The American Chamber of Horrors

May 24, 2019

Dr. Harvey Wiley spent a good majority of his time at the US Department of Chemistry trying to push through a law that would set some standard for honest food labeling and ensuring consumer safety, resulting in the Pure Food and Drug Act of 1906. Though this act was a good first step for the pure food movement, there were some inadequacies and limitations that ultimately made the law ineffective.

Despite the passing of Wiley’s law, after Wiley’s death in 1930, manufacturers continued to put out faulty products at the cost of the consumer’s well-being, prompting Kallet and Schlink’s 1933 book, 100,000,000 Guinea Pigs. This book then also prompted the FDA to put on a showing of faulty products for lawmakers to see how the Pure Food and Drug Act of 1906 had to be amended.

This display was later dubbed “The American Chamber of Horrors” by a reporter who accompanied First Lady Eleanor Roosevelt. This display of “horrors” consisted of products that had either inaccurate labeling or caused harm to consumers yet were out of the reach of the law.

The exhibit was started by the FDA’s Chief Education Officer, Ruth deForest Lamb, and their Chief Inspector, George Larrick

Ruth deForest Lamb



Many of the products that were in the Chamber of Horrors were out of the reach of the law because the Pure Food and Drug act did not cover cosmetics and only made misleading claims on labels unlawful (untrue claims were still not monitored in advertising and there were no restrictions on food packaging fraud).

Products with INACCURATE labeling:

Bowman’s Abortion Remedy: This product falsely claimed that it would treat Contagious Abortion in cattle. After the FDA won a seizure action against Bowman’s, the manufacturers took the misleading claims off of their labels and implemented them into their advertising because that was not technically illegal under the Pure Food and Drug Act of 1906.

Crazy Water Crystals: This product was allegedly derived from health-giving Crazy Mineral Water found in Texas and made claims to treat Bright’s disease, rheumatism, liver disorders, etc. Those claims were later moved from their labels to their advertising, just as with Bowman’s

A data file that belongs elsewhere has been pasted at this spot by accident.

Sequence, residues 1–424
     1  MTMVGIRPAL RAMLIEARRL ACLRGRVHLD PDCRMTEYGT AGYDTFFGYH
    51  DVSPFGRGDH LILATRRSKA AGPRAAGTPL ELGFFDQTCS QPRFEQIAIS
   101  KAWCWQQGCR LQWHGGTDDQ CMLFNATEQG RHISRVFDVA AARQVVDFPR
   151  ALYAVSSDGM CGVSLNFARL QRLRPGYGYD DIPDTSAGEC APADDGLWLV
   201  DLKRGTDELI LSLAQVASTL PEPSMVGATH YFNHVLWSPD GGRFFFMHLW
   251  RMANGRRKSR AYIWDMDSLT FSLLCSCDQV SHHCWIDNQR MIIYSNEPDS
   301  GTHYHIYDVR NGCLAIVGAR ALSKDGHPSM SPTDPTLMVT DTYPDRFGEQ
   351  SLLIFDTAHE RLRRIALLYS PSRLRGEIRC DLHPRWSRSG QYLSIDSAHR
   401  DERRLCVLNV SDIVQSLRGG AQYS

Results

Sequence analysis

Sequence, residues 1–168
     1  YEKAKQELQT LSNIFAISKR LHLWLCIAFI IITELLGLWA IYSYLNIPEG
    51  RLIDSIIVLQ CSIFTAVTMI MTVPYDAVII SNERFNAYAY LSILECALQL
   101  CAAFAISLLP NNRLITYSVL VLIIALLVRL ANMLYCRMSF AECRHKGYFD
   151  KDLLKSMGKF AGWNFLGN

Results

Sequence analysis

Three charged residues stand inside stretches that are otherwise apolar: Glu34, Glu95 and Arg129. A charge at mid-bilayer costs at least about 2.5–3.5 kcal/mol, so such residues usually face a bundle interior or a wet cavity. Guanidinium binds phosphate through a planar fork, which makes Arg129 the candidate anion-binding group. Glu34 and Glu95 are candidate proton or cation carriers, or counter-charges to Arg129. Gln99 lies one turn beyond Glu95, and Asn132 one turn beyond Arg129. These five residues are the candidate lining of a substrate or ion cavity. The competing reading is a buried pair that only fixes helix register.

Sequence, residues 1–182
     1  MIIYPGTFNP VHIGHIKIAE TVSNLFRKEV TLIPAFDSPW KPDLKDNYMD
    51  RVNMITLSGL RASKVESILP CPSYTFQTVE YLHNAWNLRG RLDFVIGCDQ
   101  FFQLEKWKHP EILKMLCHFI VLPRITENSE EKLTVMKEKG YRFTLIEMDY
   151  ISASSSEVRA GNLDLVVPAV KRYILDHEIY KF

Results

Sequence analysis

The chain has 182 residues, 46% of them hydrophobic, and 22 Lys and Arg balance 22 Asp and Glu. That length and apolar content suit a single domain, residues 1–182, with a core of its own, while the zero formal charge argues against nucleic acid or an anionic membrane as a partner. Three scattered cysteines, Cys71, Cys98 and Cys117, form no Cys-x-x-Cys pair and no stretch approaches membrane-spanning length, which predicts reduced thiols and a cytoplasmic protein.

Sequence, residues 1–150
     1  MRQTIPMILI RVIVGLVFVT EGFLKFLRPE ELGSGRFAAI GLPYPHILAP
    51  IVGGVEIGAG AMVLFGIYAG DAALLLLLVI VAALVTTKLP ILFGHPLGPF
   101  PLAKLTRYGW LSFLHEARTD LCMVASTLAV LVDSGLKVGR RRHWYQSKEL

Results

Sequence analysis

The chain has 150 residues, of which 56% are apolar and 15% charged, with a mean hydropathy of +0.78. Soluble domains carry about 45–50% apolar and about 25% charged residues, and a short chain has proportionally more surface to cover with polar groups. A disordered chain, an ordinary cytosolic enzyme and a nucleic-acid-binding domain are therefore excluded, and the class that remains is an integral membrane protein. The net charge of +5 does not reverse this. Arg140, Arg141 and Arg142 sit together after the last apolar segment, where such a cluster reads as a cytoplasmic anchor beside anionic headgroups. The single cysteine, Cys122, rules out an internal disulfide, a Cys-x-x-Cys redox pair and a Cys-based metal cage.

Flavoring Extracts: As flavoring extracts were usually the most expensive items in the grocery store, they were also the products that were most often the source of packaging fraud. The two bottles to the left were both labeled as 2 oz bottles, but there is a very clear and significant difference between the two bottles with the labels removed.

Egg Noodles: Due to their nutritive value and generally higher price tag, these noodles were another common source of labeling fraud. As shown in the image to the right, producers would defraud customers by marketing their products as egg noodles, when in reality, they were not.


Products with Dangerous Side-Effects:

Dinitrophenol: This industrial chemical was utilized to accelerate the metabolism and produce weight loss, but ultimately, caused fatal blood disorders, cataracts, and other serious side effects. Because of the substances classification as a cosmetic products rather than a drug, it was beyond the reach of the law.

Koremlu: This supposedly revolutionary beauty product eliminated unwanted hair, becoming a very sought after product and selling over 120,000 jars within its first year. The main depilatory agent was thallium acetate, which was a common rodenticide that can cause neuro-muscular damage, respiratory problems, blindness, and permanent hair-loss. One woman reportedly lost her teeth, eyesight, ability to walk, and her job due to Koremlu.

Lash Lure: A coal tar-based eyelash and eyebrow dye which contained a toxic dye that was highly irritating and caused eyebrow and eyelash loss, as well as vision impairment and even blindness.


Othine: This product utilized mercury as a means to remove brown spots and lighten skin, ultimately, putting consumers at risk of bone deterioration, tooth loss, neurological, pulmonary, and renal damage, cognitive and sensory impairment, and even death.

Peralga: An advertised weight- loss remedy that contained amidopyrine and barbiturates which led to agranuloctyosis, a dangerous loss of white blood cells, in some women, resulting in an inability to fight off infection and often times death.


Olivia Poches

Student Assistant, Go Big Read Office